The primary currency in Latvia is the Euro. Being a part of the EU makes it easy to use Visa and Mastercard, which will be commonly accepted at shops, restaurants and attractions. It is recommended to visit a currency exchange to obtain euros prior to visiting Latvia in case smaller stores or restaurants do not accept credit cards.
When Latvia gained full independence from the Soviet Union in 1991, the official language of Latvia was declared - as you may have guessed - Latvian. It can also be referred to as Lettish, and is a close cousin to Lithuanian. Latvian is spoken by the majority of the people in the country, though other languages like Russian and Ukranian are often heard throughout the country.
Best Time To Go
Latvia’s winters are cold, but not as cold as Russia’s. Arctic air masses bring cold temperatures and snowfall, which is usually expected between December and March. But there are still activities to enjoy in winter travel. Winter sports are popular, like hockey and ice skating. Latvia is home to the Sigulda bobsleigh and luge track, which has 16 curves, enabling speeds up to 125km per hour. Spring and summer are warm, but often cloudy, so warm days and cooler nights are the norm. Latvia has been known as the Land of Blue Lakes thanks to almost 12,000 rivers and 3000 small lakes.
In Latvia, most of the country shares the same type of climate. There are differences when you get closer to the Baltic Sea, where it is warmer than other areas of the country. More than half the year is very cloudy and rainy so be prepared, and make the most of a sunny day if you have one here.The months of September through February bring the most rain (14 days on average), while things dry out a bit in June, with an average of 7 rainy days. Temperatures in the winter months can go down to as low as -30C/-22F and July is usually the hottest month at +30C/86F. Snow is usually expected from mid-December to the start of March.
The ideal traveller to Latvia is one looking for a mix of history, art, and outdoor adventures. Found right in the middle of Eastern Europe, with Estonia to the North and Lithuania, Belarus and Poland to the south, it is ideal for the modern traveller looking for value for money. Most of the country is easily accessed by bus or train. Though an immersive exploration of the country would take upwards of two weeks, the top highlights can be enjoyed in just a few days.
Getting There From North America
There are three airports in Latvia, including the international airport in Riga. It is the largest airport in the Baltic states with flights to over 76 destinations. The airport is about 10kms from the city centre of Riga.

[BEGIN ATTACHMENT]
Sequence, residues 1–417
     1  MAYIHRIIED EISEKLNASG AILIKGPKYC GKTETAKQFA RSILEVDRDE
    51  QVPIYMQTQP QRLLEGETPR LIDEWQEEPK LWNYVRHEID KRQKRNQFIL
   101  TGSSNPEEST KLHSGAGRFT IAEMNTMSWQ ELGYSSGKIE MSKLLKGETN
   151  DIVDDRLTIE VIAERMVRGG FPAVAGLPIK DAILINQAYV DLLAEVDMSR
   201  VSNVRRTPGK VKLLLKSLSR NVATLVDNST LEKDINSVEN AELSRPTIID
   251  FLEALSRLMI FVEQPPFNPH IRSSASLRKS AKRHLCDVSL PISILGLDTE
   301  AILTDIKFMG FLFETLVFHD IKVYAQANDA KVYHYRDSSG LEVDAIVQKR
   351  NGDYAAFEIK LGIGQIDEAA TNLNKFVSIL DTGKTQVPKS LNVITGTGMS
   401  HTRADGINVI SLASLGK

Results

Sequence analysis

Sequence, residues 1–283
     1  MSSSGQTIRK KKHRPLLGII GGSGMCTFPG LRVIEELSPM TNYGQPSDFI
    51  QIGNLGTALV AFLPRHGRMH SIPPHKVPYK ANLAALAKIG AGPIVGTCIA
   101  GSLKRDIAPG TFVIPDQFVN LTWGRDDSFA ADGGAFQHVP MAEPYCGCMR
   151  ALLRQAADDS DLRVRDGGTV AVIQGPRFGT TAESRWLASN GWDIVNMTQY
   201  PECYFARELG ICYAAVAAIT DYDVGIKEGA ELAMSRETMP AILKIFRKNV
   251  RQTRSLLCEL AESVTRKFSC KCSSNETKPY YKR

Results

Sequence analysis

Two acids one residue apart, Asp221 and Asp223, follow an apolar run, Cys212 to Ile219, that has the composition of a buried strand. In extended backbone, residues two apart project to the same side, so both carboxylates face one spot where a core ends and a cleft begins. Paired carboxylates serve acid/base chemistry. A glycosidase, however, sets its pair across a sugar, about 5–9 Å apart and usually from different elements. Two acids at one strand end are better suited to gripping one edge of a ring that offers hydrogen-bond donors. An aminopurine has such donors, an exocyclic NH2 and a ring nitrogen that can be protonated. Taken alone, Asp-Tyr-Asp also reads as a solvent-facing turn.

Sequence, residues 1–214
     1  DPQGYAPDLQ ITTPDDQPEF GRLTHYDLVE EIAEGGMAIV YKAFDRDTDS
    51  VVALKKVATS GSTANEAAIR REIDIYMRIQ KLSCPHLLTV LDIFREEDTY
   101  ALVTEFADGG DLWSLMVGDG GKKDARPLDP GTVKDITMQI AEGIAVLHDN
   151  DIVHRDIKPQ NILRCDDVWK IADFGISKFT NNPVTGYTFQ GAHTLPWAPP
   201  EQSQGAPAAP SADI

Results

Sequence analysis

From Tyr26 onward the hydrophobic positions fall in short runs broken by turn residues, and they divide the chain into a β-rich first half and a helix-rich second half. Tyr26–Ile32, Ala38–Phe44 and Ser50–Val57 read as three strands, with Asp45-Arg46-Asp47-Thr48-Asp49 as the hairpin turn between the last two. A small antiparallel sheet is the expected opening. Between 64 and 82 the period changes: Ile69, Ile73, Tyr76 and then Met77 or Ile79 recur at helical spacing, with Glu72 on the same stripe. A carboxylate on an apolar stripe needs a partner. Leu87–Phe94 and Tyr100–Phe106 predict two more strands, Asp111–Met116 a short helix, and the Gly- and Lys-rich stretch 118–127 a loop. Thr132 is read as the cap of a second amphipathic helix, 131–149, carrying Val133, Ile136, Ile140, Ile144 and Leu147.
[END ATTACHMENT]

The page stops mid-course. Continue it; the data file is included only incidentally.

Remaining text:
Recommended flight route from the United States
Flying to Riga from the United States currently involves connecting through a major city in Europe enroute to Latvia. You can fly from major US airports like New York JFK and EWR, Atlanta, Boston, Chicago, Los Angeles, and Washington. The largest carriers include British Airways, Lufthansa, KLM, and Finnair.
Recommended flight route from Canada
Flying to Riga from Canada currently involves connecting through a major city in Europe enroute to Latvia. You can fly from major Canadian airports like Toronto, Vancouver, Montreal, Ottawa, and Calgary, and depending on the airline connect through a major city in Europe. The largest airlines include Lufthansa, KLM and British Airways.
Essential Sights of Latvia
Latvia’s capital city of almost 700,000 people. The population density is greater in the capital city than out of the city centre. There are over 800 buildings in the city which represent its importance in history. Riga and the Baltic Countries have survived a turbulent 20th century, going from independence to Soviet rule after the end of WW2, until 1991 when Latvia was once again its own nation. The city reflects those layers and is defined by its districts, like the Moscow district, the art nouveau district, and the central market, the largest covered market in Europe. Its old town is a UNESCO World Heritage Site and is home to many different squares that now house the city council, the main tourist office, and various museums.
This beautiful coastal city is about 250km outside of Riga. It is Latvia’s third largest city and it is known for its pristine white sand beaches, but the city has a lot more than just the beach. There are open air markets, plus an active music and arts scene. It is also home to Karosta which is a lesson in Latvia’s Soviet history. Karosta Prison is a major attraction, allowing guests to stay the night.
Gauja National Park
Gauja National Park is the largest park in Latvia. The park is most famous for its biological diversity, with many different species of mammals and birds making the park their home. There are historical sites as well as the Gauja river, from which the park gets its name. Opened in 1973, the park is so large it encompasses multiple towns such as Sigulda, Cesis, and Straupe. Along the river you will also find remnants of nineteen ancient castles, and six medieval castles. Many of the country's active adventures are also found along the river.
Sigulda is a small medieval village about an hour's drive from Riga. It is the gateway to the Gauja Valley and locals call their town the “Switzerland of Latvia.” Sigulda is located within the Gauja National Park and is a great place to use as your home base while discovering the large number of castles and activities within Guaja. Sigulda is also home to the country’s only bobsleigh track.
Other Highlights of Latvia Off the Beaten Path
Ligatne is known to be one of the most interesting places to visit in Latvia. For over 200 years, the town has been connected with the paper mill factory, operating there from 1815 until 2014. The village itself was built in the 20th century to provide housing, school, and health care for people working in the mill. The houses are the oldest wooden row houses in Latvia and are on list of national cultural monuments.
Cape Kolka is the point in Latvia where the Sea Inlet (Gulf of Riga) and the Great Sea (Baltic Sea) meet. In bird migration season, thousands of birds fly over the cape. Visit Kolka Lighthouse, first lit in june 1875. Hike up the Cape Kolk Pine Trail and climb to the Cape Kolka observation tower. Visit the three Kolk confession churches - Kolka Evangelical Lutheran Church, Nativity of Christ Orthodox Church, and Mother of God the Morning Star Roman Catholic Church.